Now beyond its initial growing pains, NAMI has potentially an important role to play in the Canadian context. Support for our work from the Donner Canadian Foundation, the C.R. Bronfman Foundation, and the Institute for Research on Public Policy is gratefully acknowledged. We hope to augment this core support with substantial resources from other donors in order to increase the impact and awareness of NAMI activities. Like our colleagues in the U.S. and Mexico, we see NAMI as making a significant contribution to discussion in all our countries as we grapple with the details of a North American Free Trade Agreement, environmental spillovers and environmental degradation, the movement of peoples, and the cultural impacts of unlimited communication in the global village.

We in NAMI began our meetings and discussions before a North American Free Trade Agreement was a notion with any credibility. Our biggest challenge now is to keep up with the pace at which events are driving the political and diplomatic agenda. With growing rejection of closed political processes, and growing skepticism of the traditional institutions of representative government, we in Canada see NAMI as offering a more participatory and consultative foundation for governmental decision in a more integrated regional association of interdependent but sovereign states.

Our challenge will be to build the capacity for shared governance of this region before the task of governing grows beyond the reach of any institutions. From the perspective of this co-convener and the Canadian participants, the North American Institute has an important contribution to make toward meeting that challenge.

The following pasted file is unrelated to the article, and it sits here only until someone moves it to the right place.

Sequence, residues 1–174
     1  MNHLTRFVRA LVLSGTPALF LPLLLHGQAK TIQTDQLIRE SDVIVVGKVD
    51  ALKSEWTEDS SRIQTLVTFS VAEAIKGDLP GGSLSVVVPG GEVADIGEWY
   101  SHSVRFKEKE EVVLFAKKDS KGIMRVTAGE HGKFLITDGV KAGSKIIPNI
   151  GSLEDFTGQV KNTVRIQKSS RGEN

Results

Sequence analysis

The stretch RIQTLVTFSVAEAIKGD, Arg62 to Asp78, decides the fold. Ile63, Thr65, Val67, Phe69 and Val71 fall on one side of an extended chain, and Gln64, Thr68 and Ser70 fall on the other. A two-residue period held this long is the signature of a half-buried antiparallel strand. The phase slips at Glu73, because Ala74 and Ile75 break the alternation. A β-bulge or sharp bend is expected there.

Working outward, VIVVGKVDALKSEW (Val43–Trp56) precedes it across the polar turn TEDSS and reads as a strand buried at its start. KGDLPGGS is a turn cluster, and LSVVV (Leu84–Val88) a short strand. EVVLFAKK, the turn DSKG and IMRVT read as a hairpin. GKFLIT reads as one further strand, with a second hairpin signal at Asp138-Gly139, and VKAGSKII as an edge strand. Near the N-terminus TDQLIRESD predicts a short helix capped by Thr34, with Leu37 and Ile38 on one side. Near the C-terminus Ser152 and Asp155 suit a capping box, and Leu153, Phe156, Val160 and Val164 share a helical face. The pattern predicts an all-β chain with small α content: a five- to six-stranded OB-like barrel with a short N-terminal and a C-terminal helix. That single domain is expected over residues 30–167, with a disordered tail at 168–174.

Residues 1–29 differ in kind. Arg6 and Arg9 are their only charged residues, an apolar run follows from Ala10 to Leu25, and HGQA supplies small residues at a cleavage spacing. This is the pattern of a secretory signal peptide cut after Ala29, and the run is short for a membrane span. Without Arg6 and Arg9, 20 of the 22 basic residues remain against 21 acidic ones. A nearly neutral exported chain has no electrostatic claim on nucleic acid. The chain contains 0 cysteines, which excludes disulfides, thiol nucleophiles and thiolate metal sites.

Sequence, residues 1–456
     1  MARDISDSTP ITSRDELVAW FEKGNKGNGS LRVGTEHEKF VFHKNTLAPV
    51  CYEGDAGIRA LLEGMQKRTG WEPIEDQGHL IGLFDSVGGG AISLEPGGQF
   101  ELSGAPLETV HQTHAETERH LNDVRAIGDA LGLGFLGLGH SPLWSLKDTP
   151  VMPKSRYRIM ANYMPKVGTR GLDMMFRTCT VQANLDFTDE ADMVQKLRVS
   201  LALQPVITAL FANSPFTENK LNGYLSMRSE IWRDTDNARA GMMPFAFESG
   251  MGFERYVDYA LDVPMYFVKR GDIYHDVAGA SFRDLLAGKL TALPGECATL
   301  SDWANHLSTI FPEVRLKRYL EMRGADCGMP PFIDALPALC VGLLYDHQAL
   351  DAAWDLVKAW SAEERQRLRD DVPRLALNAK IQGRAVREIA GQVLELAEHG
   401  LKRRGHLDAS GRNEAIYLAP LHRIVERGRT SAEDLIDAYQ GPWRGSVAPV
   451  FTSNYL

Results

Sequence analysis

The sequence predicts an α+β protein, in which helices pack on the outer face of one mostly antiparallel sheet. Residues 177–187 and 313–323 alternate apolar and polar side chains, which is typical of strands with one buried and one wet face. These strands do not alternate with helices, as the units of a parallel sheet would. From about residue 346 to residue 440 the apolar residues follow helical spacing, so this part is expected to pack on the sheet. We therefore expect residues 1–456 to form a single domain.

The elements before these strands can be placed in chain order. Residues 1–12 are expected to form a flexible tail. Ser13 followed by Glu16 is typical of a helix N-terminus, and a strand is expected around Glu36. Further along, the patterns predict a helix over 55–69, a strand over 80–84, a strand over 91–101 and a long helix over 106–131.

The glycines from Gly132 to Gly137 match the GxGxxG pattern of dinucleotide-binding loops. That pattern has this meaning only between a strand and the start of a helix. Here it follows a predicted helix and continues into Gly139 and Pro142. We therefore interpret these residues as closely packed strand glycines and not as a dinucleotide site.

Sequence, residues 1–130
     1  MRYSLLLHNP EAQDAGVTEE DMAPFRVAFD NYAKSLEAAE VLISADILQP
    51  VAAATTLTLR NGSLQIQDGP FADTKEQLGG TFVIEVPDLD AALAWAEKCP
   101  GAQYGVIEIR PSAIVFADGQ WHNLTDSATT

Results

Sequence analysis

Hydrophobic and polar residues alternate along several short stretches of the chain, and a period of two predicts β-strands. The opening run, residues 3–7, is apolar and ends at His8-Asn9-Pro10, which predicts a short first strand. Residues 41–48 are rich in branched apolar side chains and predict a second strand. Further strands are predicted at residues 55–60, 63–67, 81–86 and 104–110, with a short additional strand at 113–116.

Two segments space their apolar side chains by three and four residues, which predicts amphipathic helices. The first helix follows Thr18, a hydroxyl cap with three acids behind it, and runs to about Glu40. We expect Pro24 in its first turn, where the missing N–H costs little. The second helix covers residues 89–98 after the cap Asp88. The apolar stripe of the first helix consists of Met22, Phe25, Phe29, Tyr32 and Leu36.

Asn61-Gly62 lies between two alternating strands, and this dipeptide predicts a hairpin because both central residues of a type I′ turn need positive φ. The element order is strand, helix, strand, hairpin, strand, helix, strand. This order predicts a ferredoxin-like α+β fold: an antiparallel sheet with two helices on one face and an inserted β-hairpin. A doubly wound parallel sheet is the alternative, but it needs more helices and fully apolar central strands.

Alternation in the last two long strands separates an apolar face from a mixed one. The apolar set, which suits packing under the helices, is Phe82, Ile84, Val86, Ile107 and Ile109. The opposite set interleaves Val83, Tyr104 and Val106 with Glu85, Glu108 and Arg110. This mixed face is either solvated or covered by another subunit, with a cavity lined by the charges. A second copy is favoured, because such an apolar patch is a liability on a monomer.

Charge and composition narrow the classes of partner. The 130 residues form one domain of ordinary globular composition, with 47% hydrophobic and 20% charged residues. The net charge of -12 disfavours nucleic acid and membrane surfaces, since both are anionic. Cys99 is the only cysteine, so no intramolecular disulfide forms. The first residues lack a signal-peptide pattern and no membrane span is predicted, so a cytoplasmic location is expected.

Jack Austin is a Senator and member of the Senate Standing Committees on Banking, Trade, and Commerce; on Social Affairs; and on Science and Technology. He is a Senior Policy Advisor for the Liberal Party of Canada; is a Director of Elite Insurance Management Ltd., Giant Pacific Petroleum Inc., and Morgan Financial Corp.; and is Associate Counsel, Swinton & Co. Mr. Austin has served as Deputy Minister for Energy, Mines, and Resources; Principal Secretary to the Prime Minister; Minister of State for Social Development; Minister of State for Expo '86; and Chairman of the Ministerial Subcommittee on Broadcasting and Cultural Affairs. He is the author of Canadian-United States Practice and Theory Respecting the International Law of International Rivers and co-author of Canadian View of Territorial Seas and Fisheries.